When Russia was communist and all jobs were government jobs, there was a joke: "They pretend to pay us and we pretend to work." Similarly, students in today's 92,000 state schoolsand, sadly, far too many of the 27,000 private schoolscan similarly joke, "They pretend to teach us and we pretend to learn." Simply put, government schooling has become "pretend education" all dressed up in a costume of real education. So, just what is the cause of the demise of education in government-run schools? Why do reforms fail? Why are our students deprived of a genuine education? You wouldn't try to sharpen a sword with wood or oatmeal because "iron sharpens iron." Yet our students, whose blossoming minds are in dire need of sharpening, are being given intellectual oatmeal.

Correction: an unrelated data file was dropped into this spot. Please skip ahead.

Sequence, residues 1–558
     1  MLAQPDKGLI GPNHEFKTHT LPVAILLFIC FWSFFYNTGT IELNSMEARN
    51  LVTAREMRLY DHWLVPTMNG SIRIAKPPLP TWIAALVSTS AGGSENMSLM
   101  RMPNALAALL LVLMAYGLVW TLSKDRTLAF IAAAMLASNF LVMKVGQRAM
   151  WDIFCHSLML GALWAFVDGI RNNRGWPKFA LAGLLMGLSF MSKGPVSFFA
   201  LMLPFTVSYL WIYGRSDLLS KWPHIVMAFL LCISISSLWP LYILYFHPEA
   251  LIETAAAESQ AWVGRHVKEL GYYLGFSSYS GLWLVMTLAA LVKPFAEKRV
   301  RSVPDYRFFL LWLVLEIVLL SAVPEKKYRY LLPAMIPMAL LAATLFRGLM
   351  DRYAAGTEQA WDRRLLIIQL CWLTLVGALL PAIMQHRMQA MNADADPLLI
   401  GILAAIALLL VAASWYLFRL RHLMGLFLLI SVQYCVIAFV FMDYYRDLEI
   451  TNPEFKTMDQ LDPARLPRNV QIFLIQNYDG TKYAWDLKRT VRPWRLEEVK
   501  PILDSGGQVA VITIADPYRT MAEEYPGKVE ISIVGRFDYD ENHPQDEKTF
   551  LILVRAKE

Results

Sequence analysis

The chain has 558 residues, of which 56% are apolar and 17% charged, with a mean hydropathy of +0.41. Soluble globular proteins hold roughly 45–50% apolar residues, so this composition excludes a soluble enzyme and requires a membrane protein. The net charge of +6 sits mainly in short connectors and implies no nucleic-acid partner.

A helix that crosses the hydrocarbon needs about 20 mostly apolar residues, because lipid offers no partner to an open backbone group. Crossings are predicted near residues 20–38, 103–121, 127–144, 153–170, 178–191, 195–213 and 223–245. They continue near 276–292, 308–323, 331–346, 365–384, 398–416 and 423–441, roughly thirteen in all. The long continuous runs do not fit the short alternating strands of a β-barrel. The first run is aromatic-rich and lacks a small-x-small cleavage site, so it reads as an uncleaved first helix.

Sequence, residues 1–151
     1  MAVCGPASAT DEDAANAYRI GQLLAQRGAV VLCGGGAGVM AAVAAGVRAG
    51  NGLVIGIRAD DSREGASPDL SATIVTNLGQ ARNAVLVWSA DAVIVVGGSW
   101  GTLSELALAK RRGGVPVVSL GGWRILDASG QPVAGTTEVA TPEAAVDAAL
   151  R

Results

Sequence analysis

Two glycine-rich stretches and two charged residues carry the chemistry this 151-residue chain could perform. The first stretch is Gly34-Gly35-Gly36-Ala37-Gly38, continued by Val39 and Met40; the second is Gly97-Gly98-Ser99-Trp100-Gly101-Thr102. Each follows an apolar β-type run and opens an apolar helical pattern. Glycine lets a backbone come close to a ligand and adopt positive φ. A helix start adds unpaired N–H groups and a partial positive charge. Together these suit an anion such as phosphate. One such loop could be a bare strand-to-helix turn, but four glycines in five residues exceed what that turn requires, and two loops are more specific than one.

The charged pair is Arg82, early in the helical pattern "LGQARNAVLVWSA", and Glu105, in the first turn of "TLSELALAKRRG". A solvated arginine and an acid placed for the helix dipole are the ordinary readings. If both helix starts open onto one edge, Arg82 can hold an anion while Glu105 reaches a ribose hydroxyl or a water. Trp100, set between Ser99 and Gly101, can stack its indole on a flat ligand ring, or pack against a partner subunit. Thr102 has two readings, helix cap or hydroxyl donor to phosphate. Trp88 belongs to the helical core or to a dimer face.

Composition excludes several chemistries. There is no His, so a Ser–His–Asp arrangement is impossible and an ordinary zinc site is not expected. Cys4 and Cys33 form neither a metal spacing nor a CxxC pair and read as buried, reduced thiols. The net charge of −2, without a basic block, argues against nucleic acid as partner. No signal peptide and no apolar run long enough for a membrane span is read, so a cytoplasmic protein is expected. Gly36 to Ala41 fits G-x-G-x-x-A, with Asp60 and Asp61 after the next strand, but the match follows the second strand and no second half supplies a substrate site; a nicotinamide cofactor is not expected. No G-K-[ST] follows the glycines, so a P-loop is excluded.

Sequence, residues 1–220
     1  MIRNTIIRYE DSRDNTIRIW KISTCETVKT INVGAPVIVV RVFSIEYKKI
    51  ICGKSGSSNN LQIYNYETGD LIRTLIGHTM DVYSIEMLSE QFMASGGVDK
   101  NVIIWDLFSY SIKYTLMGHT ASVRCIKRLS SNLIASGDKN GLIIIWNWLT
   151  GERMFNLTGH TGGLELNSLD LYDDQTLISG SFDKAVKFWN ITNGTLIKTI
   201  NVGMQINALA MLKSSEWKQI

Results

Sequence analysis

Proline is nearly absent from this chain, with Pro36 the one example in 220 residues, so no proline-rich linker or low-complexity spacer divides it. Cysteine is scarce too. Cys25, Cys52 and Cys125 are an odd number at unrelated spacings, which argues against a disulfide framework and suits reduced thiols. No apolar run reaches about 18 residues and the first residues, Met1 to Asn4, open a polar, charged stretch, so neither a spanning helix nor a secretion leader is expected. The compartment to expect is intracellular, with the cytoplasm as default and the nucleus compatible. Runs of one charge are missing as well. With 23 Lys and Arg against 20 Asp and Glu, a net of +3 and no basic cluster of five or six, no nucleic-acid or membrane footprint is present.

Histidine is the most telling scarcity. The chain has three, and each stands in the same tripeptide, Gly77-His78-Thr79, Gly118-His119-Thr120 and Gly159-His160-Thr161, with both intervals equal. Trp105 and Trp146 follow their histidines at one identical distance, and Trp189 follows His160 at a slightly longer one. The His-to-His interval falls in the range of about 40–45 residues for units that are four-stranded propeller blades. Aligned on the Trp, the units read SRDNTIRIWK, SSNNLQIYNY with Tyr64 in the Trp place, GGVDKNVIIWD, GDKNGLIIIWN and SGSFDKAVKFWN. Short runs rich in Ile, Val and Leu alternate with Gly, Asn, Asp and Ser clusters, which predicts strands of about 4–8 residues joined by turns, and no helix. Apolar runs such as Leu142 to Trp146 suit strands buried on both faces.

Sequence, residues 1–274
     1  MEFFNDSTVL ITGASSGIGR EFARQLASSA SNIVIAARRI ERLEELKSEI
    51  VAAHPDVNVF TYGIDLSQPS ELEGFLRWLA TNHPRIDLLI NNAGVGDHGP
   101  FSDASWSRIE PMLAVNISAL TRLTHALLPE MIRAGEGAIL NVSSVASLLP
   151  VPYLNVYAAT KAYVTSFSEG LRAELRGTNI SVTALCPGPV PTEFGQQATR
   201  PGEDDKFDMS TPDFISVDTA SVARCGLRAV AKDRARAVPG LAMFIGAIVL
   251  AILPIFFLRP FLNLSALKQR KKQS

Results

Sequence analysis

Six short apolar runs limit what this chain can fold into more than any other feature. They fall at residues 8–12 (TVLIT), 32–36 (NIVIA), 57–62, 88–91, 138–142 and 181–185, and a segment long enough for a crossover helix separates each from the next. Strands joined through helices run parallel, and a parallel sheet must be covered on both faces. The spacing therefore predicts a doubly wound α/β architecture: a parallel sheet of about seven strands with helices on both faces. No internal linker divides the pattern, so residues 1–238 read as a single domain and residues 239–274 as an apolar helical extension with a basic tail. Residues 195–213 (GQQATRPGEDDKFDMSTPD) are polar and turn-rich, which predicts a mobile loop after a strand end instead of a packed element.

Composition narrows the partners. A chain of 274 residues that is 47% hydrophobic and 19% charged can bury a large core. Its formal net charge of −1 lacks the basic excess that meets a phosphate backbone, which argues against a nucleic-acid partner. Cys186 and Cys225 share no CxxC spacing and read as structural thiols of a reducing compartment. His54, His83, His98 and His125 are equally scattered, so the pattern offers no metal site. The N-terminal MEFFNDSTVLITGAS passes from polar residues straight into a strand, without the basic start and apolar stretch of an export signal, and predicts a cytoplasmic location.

The missing intellectual iron is for students, together with their teachers, to grapple with The Big Questions of Life. These questions have been asked by all thinking people, on all continents, for time immemorial. These questions are answered differently in different religions and belief systems, and that's the difficulty for which government schools found the wrong answer. Here a few examples of The Big Questions of Life:

  • Why is there so much suffering in the world? How should I handle suffering by others? How should I handle my own?
  • Why is there so much evil in the world? How can I decide what is good and what is evil?
  • What is truth? Are there any permanent truths? If there are, how can I find them?
  • Is there a God? Does he care about us?
  • Why am I here? Is there any purpose to my life? How do I find it and be sure of it?